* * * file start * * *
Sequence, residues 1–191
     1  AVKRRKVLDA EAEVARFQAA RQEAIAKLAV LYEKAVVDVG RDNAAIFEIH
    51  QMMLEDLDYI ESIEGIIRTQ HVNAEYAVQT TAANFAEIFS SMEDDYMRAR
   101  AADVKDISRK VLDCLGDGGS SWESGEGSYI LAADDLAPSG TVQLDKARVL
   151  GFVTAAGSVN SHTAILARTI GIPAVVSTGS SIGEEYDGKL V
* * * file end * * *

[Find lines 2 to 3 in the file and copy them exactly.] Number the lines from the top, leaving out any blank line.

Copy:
     1  AVKRRKVLDA EAEVARFQAA RQEAIAKLAV LYEKAVVDVG RDNAAIFEIH
    51  QMMLEDLDYI ESIEGIIRTQ HVNAEYAVQT TAANFAEIFS SMEDDYMRAR